Here's why Australian government agents regularly try to break into this Canberra building

Canberra Data Centres’ Fyshwick data centre. (Source: supplied)

In the industrial Canberra suburb of Fyshwick, there is an unmarked building that is the only privately owned facility in Australia trusted by the federal government to hold data marked “top secret”.

It looks like a factory from the outside, but inside Canberra Data Centres runs a temperature-controlled secure facility that houses computer servers on behalf of both government and private sector organisations.

When Business Insider visited Canberra Data Centres’ headquarters for Microsoft’s launch of its cloud into the nation’s capital, a startling admission was heard – government agents regularly try to break into the building.

“Funny things will happen like people will jump over your fence in the middle of the night to see what happens or they will come in here and try to bluff their way in,” CDC chief executive Greg Boorer told Business Insider.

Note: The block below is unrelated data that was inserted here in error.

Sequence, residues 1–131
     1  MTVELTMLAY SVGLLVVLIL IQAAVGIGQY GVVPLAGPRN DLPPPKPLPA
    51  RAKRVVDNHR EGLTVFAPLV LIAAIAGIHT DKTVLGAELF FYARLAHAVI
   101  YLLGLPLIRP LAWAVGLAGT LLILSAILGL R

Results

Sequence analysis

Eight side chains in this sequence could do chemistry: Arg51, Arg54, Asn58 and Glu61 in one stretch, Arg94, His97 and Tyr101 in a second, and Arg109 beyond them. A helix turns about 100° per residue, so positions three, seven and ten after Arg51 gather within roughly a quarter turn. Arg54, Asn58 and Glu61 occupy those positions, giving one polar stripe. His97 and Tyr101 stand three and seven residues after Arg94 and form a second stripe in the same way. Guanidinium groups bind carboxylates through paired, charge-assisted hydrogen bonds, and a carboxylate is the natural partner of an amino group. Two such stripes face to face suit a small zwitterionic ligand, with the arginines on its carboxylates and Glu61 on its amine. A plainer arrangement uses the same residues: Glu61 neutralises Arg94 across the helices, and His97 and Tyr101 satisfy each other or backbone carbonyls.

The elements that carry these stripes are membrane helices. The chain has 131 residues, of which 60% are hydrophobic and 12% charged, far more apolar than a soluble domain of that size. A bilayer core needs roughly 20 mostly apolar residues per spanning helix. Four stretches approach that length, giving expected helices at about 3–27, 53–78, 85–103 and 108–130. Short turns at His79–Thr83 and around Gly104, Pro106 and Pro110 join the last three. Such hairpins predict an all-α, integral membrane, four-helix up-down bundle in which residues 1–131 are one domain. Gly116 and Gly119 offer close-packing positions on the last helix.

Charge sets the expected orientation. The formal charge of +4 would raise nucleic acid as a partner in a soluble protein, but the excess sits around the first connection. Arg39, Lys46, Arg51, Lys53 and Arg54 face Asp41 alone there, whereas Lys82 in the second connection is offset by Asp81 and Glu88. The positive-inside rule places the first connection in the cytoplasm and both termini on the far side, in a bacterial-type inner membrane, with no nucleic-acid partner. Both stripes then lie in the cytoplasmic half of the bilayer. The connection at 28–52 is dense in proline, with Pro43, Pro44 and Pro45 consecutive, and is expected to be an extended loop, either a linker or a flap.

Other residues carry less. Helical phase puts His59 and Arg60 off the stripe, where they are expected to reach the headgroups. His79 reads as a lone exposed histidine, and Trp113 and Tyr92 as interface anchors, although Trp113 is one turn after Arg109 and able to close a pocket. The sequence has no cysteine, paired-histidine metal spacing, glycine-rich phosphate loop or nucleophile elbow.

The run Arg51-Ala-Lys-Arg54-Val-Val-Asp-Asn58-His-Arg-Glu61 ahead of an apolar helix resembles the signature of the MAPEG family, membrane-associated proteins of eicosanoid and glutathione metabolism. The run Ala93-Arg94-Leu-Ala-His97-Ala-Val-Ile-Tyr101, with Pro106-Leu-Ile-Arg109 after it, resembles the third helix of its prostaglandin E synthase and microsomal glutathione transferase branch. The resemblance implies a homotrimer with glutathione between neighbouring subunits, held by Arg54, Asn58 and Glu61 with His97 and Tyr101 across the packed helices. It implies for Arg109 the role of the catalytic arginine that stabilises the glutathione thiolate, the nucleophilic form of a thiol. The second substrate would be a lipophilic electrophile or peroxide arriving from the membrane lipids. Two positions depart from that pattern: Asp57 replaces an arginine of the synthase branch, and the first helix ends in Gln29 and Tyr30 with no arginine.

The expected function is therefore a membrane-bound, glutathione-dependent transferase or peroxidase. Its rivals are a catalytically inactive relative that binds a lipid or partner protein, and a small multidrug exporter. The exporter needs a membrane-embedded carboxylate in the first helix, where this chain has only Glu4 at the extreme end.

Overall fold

Computers in Canberra Data Centres’ Fyshwick data centre. (Source: supplied)

To maintain its certification to hold “top secret” data, the government’s cybersecurity authority Australian Signals Directorate conducts a thorough review of the data centre each year. But in between audits, agents will test the facility’s defences with such unannounced shenanigans.

“It’s really fascinating. But it keeps us on our toes,” said Boorer.

Business Insider experienced first-hand the strict level of security. Even when the chief executive of the data centre took us for a tour, a guard accompanied us at all times to open doors and keep watch.

Power equipment in Canberra Data Centres’ Fyshwick data centre. (Source: supplied)

Although maintaining the top secret eligibility is an onerous process, Boorer is proud of the achievement and knows CDC earns a lot of public sector business because most government agencies hold a mixture of data with different levels of sensitivity.

“We have lots and lots of clients that have lots of unclassified data, a bit of protected or a lot of protected [middle sensitivity data], and a little bit or a lot of secret.

“So what we’ve done is created all our facilities for the highest level and that creates a wonderful halo effect which then enables us to quite comfortably and easily accommodate secret, protected and unclassified.”

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